The ICRC exam’s questions are in a multiple choice format, and the candidate chooses between four possible responses. Of these four choices, only one answer is considered the best, and candidates receive credit only for choosing the best response. Upon successful completion of the exam, candidates must send in the ICRC verification form to the state Department of Health and Human Services. Once the test is passed and all clinical supervision requirements are complete and verified, the candidate may apply for licensure from the Department.
Along with the tests, candidates must submit a written case study. The form is available through the state Department of Health and Human Services. The case study is based on a closed case file concerning an actual client. Once the exam is passed, the case study approved and all clinical supervision requirements are complete and verified, the candidate may apply for licensure.
Clinical Supervision Explained
An LADC candidate with an associate’s degree requires 6,000 hours of clinical supervised practice, a high number than needed in many other states. If the LADC candidate has a bachelor's degree, 4,000 hours of supervised practice is required, which is more typical of IC&RC boards nationwide.
The MLADC candidate needs 3,000 hours of supervised practice, but those licensed by the New Hampshire Board of Mental Health Practice receive credit for as much as 1,500 hours.
Clinical supervision involves an ongoing relationship between a senior member and junior member of the profession. Clinical supervision aids in both professional development and client protection. It includes regular review and criticism of the junior professional’s skills in order to improve these skills.
On the LADC level, weekly clinical supervision is necessary. MLADCs do not have to maintain clinical supervision per se, but require 26 hours per year of peer collaboration to maintain the license. That is just over two hours monthly.
Every clinician must document their clinical supervision. Such documentation includes time, date, length of meeting, identification of all participants with names and credentials, along with their signatures.
Licenses are renewable every two years, with a renewal date of June 30. Currently, LADC licenses are $110 and MLADC licenses are $300. Renewals and fee payment are available online.
Renewals must include the licensee’s continuing education credits, which for a two year period equals 48 hours, or two hours per month, for both LADCs and MLADCs. Only 10 of these 48 hours may take place via approved distance learning. Continuing education is acceptable in various forms, including conferences, workshops, lectures, academic studies, seminars, extension studies, in-service education, institutes, independent/home study programs, and online courses. Continuing education event preapproval forms are available from the state Department of Heath and Human Services.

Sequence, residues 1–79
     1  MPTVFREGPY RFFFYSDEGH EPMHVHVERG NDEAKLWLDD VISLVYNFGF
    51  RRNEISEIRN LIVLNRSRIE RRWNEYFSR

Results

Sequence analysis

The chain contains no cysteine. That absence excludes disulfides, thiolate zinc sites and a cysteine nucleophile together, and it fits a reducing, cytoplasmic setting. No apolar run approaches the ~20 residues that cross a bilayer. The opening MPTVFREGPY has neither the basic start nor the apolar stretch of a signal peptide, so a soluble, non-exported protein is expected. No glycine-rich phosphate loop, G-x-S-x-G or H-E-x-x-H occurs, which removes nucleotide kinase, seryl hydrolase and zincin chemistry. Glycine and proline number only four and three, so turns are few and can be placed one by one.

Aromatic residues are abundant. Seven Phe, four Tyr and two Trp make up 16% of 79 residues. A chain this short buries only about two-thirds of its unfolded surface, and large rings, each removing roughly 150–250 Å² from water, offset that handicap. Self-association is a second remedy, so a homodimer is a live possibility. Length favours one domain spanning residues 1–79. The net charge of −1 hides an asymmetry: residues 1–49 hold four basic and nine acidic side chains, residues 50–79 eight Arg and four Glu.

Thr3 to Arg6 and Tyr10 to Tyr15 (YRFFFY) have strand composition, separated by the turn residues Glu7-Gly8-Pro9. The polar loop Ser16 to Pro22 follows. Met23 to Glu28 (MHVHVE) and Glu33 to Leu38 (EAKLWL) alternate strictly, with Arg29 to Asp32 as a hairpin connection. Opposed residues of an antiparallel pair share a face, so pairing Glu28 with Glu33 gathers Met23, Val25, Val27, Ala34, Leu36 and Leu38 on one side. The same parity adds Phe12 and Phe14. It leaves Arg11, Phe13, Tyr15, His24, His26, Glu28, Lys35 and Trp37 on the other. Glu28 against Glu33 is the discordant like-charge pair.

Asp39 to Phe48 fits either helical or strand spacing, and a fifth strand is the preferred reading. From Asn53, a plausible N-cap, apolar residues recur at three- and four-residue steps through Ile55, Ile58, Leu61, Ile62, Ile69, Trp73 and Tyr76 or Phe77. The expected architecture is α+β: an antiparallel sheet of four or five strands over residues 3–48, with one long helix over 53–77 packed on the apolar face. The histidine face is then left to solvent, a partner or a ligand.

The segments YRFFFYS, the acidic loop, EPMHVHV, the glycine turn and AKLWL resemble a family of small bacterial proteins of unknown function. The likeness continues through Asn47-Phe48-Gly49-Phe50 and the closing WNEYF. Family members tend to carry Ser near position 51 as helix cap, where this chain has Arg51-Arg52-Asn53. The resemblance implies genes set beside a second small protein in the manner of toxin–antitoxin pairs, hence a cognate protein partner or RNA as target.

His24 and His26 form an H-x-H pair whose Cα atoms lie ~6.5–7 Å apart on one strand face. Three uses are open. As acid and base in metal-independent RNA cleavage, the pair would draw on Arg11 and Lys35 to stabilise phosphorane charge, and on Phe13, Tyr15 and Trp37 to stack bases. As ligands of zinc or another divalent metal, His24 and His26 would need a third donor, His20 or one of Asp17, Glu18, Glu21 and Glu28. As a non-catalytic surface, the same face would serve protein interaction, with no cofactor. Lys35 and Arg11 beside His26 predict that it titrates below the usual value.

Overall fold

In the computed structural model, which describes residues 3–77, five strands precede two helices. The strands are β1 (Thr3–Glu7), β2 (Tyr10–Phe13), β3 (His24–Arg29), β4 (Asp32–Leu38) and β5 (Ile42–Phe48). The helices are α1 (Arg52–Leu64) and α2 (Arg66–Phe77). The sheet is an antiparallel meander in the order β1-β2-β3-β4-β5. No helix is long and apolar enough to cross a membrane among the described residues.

The NHBLAODUP may license out-of-state substance abuse and addiction counselors whose credentials were based on similar requirements. Since the state board is a member of the IC&RC, those with reciprocal level credentials in other member states may contact the IC&RC. Currently, receiving reciprocity requires a $100 fee.
Associations for New Hampshire
The New Hampshire Alcohol and Drug Abuse Counselors Association (NHADACA) serves as the primary provider of continuing educational services for substance abuse and addictions professionals in the state. This mission of this nonprofit organization, created in 1986 and located in Concord, states it will “provide quality education, workforce development, advocacy, ethical standards and leadership for addiction professionals. We empower efforts in prevention, treatment and recovery.”
The New Hampshire Center for Excellence was established and funded through a public-private partnership of the New Hampshire Department of Health & Human Services' Bureau of Drug & Alcohol Services and the New Hampshire Charitable Foundation. It is supported by the New Hampshire’s Governor's Commission on Alcohol and Drug Abuse Prevention, Intervention and Treatment and the U.S. Substance Abuse and Mental Health Services Administration. Its mission is to “provide technical assistance, disseminate data and information, and promote knowledge transfer to support the effectiveness of communities, practitioners, policymakers, and other stakeholders working to reduce alcohol and other drug misuse and related consequences in New Hampshire.”
Partnership for a Drug-free New Hampshire, organized in 1994 under the auspices of the New Hampshire Department of Health and Human Services, Bureau of Drug and Alcohol Services, is a nonprofit organization striving to “create and promote consistent statewide messages about the problems and solutions of substance misuse in New Hampshire through engagement of partners, members and champions.”